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Crowd violence could harm Russian World Cup bid

by at 06/10/2010 13:27

An outbreak of football hooliganism at the recent match between Anzhi Makhachkala and Spartak Moscow has drawn a stern response from the Dagestan club.

But the potential embarrassment for Russia’s football authorities could continue in the run-up to the announcement of the 2018 World Cup hosts.

 

The English disease

During a summer of tabloid mudslinging between Russia and rival bidders England journalists in Moscow were quick to point out English fans’ repeated problems with hooliganism.

Although many in football’s homeland feel rioting fans are a relic of the past, Russian reporters gleefully reminded the world of English fan rampages home and away in response to allegations of corruption in the domestic game here.

But reports of a Spartak supporters’ coach being shot at in Makhachkala, while fans clashed inside and outside the stadium, is the last thing Russia’s 2018 bid needs.

 

Official slapdown

The head coach of Anzhi, a newly-promoted Premier League team, was quick to rebuke the official fan club – and said before the game fans had been asked not to respond to taunts from Spartak.

Hadji Hadjiev told Sovietsky Sport: “We understand it is linked to the behaviour of red and white fans when we played in Moscow, but we cannot accept this.

“We are well aware that an extremist group of Spartak fans has created an intolerable situation at different stadiums, and the executive director of the club Sayid Abdullayev met our fan representatives several times to ask them not to react.”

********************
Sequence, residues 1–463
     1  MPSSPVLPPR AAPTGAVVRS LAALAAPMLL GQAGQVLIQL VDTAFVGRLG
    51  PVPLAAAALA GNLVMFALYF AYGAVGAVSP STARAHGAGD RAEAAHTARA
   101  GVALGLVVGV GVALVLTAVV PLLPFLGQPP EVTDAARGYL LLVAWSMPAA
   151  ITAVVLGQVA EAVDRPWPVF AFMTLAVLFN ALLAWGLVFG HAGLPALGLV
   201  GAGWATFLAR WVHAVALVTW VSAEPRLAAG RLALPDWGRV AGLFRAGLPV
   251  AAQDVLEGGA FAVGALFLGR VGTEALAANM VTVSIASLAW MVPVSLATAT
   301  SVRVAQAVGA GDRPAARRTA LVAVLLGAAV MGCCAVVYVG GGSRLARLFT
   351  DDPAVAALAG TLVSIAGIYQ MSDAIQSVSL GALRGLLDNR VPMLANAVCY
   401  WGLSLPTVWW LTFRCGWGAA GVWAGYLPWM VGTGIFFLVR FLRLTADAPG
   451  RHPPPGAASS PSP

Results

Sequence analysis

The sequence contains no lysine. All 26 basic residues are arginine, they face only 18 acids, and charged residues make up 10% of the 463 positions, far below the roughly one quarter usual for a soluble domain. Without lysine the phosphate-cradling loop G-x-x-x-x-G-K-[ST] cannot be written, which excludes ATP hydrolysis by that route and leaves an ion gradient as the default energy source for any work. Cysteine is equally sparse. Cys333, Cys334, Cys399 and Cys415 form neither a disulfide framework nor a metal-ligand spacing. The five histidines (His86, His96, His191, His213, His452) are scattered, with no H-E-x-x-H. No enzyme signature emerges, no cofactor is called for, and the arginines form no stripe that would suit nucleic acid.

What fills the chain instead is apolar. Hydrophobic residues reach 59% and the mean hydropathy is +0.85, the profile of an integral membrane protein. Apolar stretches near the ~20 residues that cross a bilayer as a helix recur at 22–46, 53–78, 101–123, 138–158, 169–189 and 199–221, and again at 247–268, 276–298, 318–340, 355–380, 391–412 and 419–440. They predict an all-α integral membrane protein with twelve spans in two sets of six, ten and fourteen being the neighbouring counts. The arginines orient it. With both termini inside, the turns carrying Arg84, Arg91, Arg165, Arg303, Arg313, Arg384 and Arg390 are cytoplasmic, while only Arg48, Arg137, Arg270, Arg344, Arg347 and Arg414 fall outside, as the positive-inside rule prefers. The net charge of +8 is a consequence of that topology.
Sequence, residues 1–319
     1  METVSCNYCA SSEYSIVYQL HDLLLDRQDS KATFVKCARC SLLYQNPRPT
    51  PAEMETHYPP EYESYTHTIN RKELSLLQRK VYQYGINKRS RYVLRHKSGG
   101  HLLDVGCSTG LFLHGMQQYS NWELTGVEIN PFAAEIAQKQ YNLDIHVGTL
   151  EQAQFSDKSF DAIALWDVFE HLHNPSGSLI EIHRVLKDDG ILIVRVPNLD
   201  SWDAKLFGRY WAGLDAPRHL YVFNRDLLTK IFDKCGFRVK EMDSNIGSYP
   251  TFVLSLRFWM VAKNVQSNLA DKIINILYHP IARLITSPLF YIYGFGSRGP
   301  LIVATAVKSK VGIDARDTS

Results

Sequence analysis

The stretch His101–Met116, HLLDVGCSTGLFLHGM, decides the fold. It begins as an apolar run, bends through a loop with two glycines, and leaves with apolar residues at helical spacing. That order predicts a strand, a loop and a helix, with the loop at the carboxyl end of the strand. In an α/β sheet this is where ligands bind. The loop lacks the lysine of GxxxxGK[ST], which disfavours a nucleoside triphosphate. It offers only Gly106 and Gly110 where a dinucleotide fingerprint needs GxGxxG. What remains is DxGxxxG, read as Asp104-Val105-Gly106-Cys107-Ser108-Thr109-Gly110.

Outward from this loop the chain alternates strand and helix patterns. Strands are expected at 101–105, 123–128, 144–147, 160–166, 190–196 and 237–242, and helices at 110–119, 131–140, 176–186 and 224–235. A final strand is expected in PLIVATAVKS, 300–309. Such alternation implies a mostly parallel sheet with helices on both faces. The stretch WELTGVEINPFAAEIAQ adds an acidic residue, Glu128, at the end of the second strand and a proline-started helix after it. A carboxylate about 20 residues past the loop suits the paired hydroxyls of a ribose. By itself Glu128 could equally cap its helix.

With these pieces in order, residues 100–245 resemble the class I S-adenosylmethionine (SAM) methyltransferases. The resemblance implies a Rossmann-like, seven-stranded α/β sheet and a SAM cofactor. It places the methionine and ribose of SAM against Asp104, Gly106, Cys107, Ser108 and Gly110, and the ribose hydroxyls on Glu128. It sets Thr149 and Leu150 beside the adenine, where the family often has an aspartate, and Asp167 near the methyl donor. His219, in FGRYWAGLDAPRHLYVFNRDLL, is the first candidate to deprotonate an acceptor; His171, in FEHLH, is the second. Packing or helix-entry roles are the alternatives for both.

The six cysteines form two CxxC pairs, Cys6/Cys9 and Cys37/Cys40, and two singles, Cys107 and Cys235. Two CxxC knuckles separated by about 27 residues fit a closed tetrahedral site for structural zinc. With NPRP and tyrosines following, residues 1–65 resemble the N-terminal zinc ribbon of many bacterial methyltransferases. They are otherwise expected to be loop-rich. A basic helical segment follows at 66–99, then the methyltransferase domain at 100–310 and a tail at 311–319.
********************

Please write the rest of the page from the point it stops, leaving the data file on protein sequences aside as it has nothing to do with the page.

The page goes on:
Terrace warfare

During Sunday’s game rival fans clashed on the terraces of Anzhi’s stadium, while members of the hosts’ “Dikaya Divisiya” (Wild Movement) fan group displayed a banner accusing Spartak fans of fascism.

After the match the Spartak team bus was pelted with stones and a supporters coach was fired on with traumatic weapons.

 

Andorran apples

It’s the second recent crowd trouble scandal to hit Russian football: during last month’s Euro 2012 qualifier in Andorra a group of fans broke into an orchard overlooking the Pyrenean stadium and pelted players with apples.

UEFA’s delegate at the game also reported racist chanting from Russian supporters, though Russian Football Union president Sergei Fursenko claimed the perpetrators were not really Russian.

There was a further racism scandal at the end of August when Lokomotiv Moscow sold Nigerian forward Piter Odemwingie to West Bromwich Albion.

Loko fans produced a banner to mark the unpopular player’s departure – which prominently included a banana.

For many years black players have been taunted with bananas and monkey noises, though it was later suggested that the image referred to a Russian expression where buying a banana means buying shoddy merchandise.

 

World Cup decision

Russia hopes to be awarded host status for the World Cup in either 2018 or 2022 and an impressive and ambitious bid has earned them strong support in some quarters.

Most commentators believe it is a two-way battle with England for the right to stage the tournament.

World governing body FIFA will annouce its decision early in December.

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